We’re not praying for that.

Our current sofa seats three max. There is one comfortable chair in the room, and a few other look-better-than-feel chairs. So we have comfy seating for three or four. When all our family visits there are twelve.

And every Sunday night we host between seven and seventeen friends for food, conversation, a Bible study, and fun. We use kitchen chairs and even plastic patio chairs. It’s fine, but not conducive to relaxing.

We are praying for that.

It’s not so much what you pray for, but why. Why do you want it? What do you want to see happen?

We want to fulfill the purpose of our home for our family and for friends. We want people to be able to relax and  connect with each other and with God. Yes this can happen even with three-legged stools and wooden benches. But we don’t want words like stiff, straight, and hard to be any part of their experience in our home, even with such an un-spiritual thing as a sofa.

The more confidence you have that the thing you want is for God’s purposes and the benefit of people, the more confident you pray.

What’s one thing you’re praying for now, and why are you praying for it?


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Which peace on earth do you want most?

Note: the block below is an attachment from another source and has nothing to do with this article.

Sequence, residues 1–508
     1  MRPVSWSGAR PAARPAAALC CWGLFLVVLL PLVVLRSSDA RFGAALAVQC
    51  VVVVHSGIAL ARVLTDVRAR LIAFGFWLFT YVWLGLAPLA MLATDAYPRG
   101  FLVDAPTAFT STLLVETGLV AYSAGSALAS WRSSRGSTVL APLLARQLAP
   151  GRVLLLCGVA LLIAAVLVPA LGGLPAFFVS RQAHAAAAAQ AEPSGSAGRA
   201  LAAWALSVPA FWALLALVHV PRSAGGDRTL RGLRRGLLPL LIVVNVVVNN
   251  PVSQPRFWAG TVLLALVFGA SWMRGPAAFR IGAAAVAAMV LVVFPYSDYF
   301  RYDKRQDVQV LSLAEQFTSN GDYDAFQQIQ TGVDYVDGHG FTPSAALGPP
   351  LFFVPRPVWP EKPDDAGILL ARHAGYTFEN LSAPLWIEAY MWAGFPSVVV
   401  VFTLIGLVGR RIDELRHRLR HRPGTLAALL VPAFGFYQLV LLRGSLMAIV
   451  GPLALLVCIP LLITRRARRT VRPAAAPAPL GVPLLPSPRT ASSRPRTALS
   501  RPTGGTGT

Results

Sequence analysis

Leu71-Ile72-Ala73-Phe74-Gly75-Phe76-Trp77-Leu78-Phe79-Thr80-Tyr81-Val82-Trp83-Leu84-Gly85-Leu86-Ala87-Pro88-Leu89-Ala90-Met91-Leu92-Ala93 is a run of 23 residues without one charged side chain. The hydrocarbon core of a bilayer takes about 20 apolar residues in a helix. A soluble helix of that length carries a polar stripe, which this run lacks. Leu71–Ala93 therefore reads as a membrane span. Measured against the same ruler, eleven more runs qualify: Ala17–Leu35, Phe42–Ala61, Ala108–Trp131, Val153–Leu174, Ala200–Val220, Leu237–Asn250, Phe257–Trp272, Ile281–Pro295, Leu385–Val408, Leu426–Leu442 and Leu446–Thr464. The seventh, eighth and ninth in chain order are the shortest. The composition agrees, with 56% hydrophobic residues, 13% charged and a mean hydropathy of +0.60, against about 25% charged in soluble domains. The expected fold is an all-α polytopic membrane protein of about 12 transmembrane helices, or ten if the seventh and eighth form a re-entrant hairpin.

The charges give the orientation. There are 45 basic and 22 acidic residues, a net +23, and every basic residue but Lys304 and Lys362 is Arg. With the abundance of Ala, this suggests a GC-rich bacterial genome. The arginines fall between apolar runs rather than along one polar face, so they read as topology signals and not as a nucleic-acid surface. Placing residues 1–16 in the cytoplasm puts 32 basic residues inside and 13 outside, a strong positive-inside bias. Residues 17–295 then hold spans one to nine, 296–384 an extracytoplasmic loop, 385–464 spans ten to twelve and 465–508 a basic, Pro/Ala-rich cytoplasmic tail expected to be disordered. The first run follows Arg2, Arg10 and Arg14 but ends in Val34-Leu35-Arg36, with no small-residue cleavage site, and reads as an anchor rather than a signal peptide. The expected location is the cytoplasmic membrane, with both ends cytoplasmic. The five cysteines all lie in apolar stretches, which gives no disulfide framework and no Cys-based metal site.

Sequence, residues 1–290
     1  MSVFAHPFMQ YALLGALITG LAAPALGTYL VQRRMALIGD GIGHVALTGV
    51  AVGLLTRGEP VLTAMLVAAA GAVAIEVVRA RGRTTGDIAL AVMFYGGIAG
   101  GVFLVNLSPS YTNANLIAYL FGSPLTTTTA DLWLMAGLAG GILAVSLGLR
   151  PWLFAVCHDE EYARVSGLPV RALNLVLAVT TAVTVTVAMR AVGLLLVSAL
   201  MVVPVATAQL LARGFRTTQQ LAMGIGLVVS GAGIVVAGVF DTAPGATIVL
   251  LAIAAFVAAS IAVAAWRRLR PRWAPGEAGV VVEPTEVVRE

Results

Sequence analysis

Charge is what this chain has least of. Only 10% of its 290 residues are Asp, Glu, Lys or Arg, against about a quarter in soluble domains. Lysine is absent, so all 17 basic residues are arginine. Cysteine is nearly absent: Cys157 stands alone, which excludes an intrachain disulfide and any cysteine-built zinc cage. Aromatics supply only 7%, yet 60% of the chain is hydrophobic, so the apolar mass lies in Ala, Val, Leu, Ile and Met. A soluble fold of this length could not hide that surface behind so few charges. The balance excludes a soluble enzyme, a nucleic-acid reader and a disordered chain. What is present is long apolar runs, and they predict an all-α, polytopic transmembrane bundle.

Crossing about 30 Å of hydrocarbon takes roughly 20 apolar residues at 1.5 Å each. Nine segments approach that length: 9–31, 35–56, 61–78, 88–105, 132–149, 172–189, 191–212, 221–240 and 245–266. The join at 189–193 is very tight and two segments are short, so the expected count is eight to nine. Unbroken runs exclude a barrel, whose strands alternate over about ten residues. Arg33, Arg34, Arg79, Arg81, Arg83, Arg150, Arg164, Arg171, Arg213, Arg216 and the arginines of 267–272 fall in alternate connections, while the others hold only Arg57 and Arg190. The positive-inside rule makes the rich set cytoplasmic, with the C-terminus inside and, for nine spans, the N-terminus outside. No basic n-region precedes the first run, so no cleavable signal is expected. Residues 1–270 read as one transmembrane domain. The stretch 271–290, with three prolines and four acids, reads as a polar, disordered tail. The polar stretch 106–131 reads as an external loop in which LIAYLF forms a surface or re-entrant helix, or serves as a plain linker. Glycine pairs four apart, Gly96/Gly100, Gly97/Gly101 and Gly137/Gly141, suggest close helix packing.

Peace on earth. It’s part of the message of Christmas.

I get it wrong.

When things are calm and all the pieces are in place; when I see check-marks on the to-do list; when there are no interruptions and things are going the way I planned; early in the morning in my favorite chair with my coffee and Oswald Chambers; I call that peace.

That’s not peace. That’s peacefulness.

Peace is when the bottom falls out, you’re scared, nothing is working, you can’t believe they think that about you, this day will never end, you’re not going to make it, and hell is frozen. And you aren’t freaked or angry or resentful. You feel the potential for panic, but you don’t give in to it. The storm is on the outside, the calm is on the inside.

It’s not peaceful but there’s peace.

That’s the peace of Christmas. That’s the kind of peace Jesus came to bring.

Peacefulness depends on circumstances.

Peace depends on my trust in the absolute adequacy and sufficiency of Jesus for every circumstance, problem, fear, emotion, interruption, project, and relationship.

Of course, you can have both together. But sometimes it takes lack of peacefulness to prove peace.

I hope you experience more peace than peacefulness these days.

How to feel better today

Last week I felt like complaining and did. It felt good.